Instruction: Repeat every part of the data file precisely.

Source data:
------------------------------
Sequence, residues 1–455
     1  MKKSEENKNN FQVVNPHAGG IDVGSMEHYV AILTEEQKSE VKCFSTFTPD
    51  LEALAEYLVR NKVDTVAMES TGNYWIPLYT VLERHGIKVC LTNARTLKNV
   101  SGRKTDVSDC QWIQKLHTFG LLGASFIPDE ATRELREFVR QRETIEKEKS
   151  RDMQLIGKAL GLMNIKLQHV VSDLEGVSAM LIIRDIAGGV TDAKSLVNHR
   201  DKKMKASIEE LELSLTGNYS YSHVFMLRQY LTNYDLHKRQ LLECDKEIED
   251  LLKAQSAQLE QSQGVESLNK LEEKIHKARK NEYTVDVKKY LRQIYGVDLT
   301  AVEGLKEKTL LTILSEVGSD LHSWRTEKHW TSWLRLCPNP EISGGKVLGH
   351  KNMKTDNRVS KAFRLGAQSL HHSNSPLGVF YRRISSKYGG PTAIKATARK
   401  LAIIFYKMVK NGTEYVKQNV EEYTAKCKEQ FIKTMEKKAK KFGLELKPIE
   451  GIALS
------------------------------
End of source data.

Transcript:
Sequence, residues 1–455
     1  MKKSEENKNN FQVVNPHAGG IDVGSMEHYV AILTEEQKSE VKCFSTFTPD
    51  LEALAEYLVR NKVDTVAMES TGNYWIPLYT VLERHGIKVC LTNARTLKNV
   101  SGRKTDVSDC QWIQKLHTFG LLGASFIPDE ATRELREFVR QRETIEKEKS
   151  RDMQLIGKAL GLMNIKLQHV VSDLEGVSAM LIIRDIAGGV TDAKSLVNHR
   201  DKKMKASIEE LELSLTGNYS YSHVFMLRQY LTNYDLHKRQ LLECDKEIED
   251  LLKAQSAQLE QSQGVESLNK LEEKIHKARK NEYTVDVKKY LRQIYGVDLT
   301  AVEGLKEKTL LTILSEVGSD LHSWRTEKHW TSWLRLCPNP EISGGKVLGH
   351  KNMKTDNRVS KAFRLGAQSL HHSNSPLGVF YRRISSKYGG PTAIKATARK
   401  LAIIFYKMVK NGTEYVKQNV EEYTAKCKEQ FIKTMEKKAK KFGLELKPIE
   451  GIALS